Portrait of a (young) lady

It all began innocently enough. My daughter's preschool teacher approached, poster template in hand, her smile belying her somewhat startling news. She informed me, with the lyrical sri lankan lilt that brings out the drama and emotion in the simplest of children's story, that my daughter had a project for Family Day weekend: to create a poster (guided by the aformentioned template) about herself, with help from her family. I must confess my first thought behind my smile-and-nod was "homework? How can my preschooler have homework?"

Such worries were soon surmounted by a single word: "pictures."  I, as the proud parent, was to decorate said celebratory poster with photographs, presumably of my daughter in all her recent glory. Photographs I suspected might not, in fact, exist. Upon returning home, I confirmed my fears: I had not taken a single picture of my first born since Hallowe'en, and the only decent shot from that episode included her little brother wandering in the foreground, clad in naught but a diaper and his teething necklace. Perhaps not the best choice to grace her preschool walls - the boy has enough unwanted admirers (read: impulsive huggers and squealers) among his sister's peers as it is - but the other pictures were even older.

I had known for some time that my relationship with my camera was on rocky ground. Far from the days where we feverishly documented infantile cuteness, our interactions had dwindled to the point where the closest we came to cooperation was the odd occasion where I picked up the dreaded device only to discover that it had worn down its battery waiting for me to remember its existence, yet again. If the thing was sentient, I'd accuse it of being passive-aggressive. Recent history aside, too much of my teacher's pet mentality persists to allow me to botch my daughter's very first homework assignment (let's face it - when your 4-year-old has homework, you have homework). Clearly a photo-shoot was in order. Just as soon as the battery finished charging.

Thus, aging Lumix in hand, I stalked my unsuspecting prey. Confession time again (it's Lent after all): my aversion to digitally capturing my daughter's precious moments lies not only in my inadequate skills and clunky equipment. It is also due to her growing self-awareness, the kind which interprets "smile for the camera" as "make hopelessly awkward and unnatural faces until the lens goes away". I know that stage well. In fact, I don't believe I've ever quite left it. I'm starting to wonder if it's some form of modesty in an increasingly technological age, a veil made not of pins and fabric but of squints and smirks and furrowed brows that mask a fair countenance from an audience whose membership lies beyond one's control.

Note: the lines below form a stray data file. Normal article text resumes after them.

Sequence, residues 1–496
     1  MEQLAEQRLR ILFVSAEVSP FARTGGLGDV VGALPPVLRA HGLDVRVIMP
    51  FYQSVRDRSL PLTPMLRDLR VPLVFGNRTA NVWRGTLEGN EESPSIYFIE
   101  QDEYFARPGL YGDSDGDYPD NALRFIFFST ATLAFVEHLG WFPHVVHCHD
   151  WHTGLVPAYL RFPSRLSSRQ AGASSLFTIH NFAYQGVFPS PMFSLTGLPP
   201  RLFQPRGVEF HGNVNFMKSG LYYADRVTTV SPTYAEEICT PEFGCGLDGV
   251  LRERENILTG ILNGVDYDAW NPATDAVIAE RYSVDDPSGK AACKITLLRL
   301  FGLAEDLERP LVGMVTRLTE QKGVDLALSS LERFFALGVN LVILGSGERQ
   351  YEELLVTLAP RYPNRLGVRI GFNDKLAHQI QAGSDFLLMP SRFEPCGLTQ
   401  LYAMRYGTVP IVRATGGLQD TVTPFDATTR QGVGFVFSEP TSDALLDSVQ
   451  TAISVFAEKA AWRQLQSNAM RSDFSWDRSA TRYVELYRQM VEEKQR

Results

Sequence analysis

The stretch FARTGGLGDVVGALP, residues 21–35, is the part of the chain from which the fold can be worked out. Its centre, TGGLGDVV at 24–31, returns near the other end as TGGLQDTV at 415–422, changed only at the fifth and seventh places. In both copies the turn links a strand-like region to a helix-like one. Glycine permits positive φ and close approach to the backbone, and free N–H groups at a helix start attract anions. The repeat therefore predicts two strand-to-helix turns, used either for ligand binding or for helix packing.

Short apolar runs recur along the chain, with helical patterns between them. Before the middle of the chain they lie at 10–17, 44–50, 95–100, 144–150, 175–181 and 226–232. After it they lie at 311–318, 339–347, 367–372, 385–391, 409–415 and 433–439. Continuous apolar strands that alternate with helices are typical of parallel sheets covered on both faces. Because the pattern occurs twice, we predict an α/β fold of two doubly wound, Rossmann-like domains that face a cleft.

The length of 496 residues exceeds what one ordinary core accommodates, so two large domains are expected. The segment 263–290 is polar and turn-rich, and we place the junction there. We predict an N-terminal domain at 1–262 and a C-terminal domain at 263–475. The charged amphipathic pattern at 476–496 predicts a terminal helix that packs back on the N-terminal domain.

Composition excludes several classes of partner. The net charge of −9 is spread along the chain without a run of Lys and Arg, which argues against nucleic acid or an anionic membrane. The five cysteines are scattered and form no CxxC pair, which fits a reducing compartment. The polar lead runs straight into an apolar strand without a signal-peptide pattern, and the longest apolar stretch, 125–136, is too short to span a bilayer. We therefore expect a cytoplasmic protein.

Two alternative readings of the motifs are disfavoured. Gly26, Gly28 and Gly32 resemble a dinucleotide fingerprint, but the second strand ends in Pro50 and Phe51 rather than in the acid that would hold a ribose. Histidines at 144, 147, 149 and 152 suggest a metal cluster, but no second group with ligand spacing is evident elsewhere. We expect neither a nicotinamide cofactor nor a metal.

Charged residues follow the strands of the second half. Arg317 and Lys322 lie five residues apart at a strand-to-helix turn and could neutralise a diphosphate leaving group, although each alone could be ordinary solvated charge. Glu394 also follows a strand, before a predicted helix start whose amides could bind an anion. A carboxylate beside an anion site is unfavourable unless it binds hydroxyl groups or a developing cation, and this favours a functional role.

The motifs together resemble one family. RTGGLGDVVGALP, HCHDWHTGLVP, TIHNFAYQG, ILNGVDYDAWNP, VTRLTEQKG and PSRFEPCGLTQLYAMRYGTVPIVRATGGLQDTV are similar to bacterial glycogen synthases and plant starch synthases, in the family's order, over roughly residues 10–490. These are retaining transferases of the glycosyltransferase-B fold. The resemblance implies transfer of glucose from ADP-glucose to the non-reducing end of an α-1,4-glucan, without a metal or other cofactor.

Given that the target audience, in this case at least, involved only those who had already seen her in person, I felt no guilt in using stealth, nor in telepathically urging my grudging mechanical accomplice to tell the truth for once. Whoever invented the phrase "the camera doesn't lie" hasn't seen my pictures; the objects appear in the view finder alright, but the spirit that leads my attempt to preserve what I see for posterity (or, at least, my own personal archives) continues to elude me. I'm sure that acquiring some knowledge of lighting, shutter-speed, and good old fashioned practice would lead to better results in child portraiture than parapsychology, but in the jungle of the living room, time and telepathy were all that I had. And, for once, they were all I needed.

The camera did not lie, but it revealed a truth I'm still loath to accept: my baby's growing up. Those wispy blond curls that took forever to come in now spiral nearly to her shoulders. Any trace of baby fat has long been gone, but I had not realized how its lack had elongated her from cheek to chin with an aching maturity. Even curled up in an armchair, her coltish limbs declare her a school-girl; her choice of book that afternoon may have been of the board variety, but her serious study of the pictures therein reminded me more of the focused features of school-aged bookworms than the wide-eyed fascination she bore back when she turned those stiff pages with chubby fingers rather than the delicate digits that now grace her hands.

It was a timely reminder. School hunting season is in full swing, and many an hour has been spent browsing school websites, attending open houses, and attempting to grasp an understanding of Edmonton Public's school bus system. As I continue to buckle her into a five-point harness for every car ride, it's hard to believe my baby is ready to ride a yellow bus, unfettered and practically unsupervised. And yet the prospect fills her not with fear or trepidation, but excitement and wonder, so I squelch my worries and think of strategies to encourage this budding independence.

Come September, it will be time to loosen those apron strings, mix my metaphors, and watch her fly. In the meantime, however, I'll keep pulling out the board books, indulging requests for extra-long snuggles, and rocking out to Raffi before he's shunned for whichever boy band is making young girls swoon and the rest of us gag. Remind me to buy earplugs.

P.S. the poster was a total success - mostly because my little chatter box provided her teacher with extensive background on all the princesses and fairies she drew on every spare inch of the paper (including under all the photographs). There wasn't room for the fruits of my impromptu photo-shoot after all, so instead I've placed the reminder of my growing girlie on my very own fridge. Thus my education continues.


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